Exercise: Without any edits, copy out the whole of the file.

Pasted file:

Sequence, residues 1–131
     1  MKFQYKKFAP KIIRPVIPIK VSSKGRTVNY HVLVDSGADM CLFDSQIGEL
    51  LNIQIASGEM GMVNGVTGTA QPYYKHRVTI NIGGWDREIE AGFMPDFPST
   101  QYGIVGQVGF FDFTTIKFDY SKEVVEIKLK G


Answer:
Sequence, residues 1–131
     1  MKFQYKKFAP KIIRPVIPIK VSSKGRTVNY HVLVDSGADM CLFDSQIGEL
    51  LNIQIASGEM GMVNGVTGTA QPYYKHRVTI NIGGWDREIE AGFMPDFPST
   101  QYGIVGQVGF FDFTTIKFDY SKEVVEIKLK G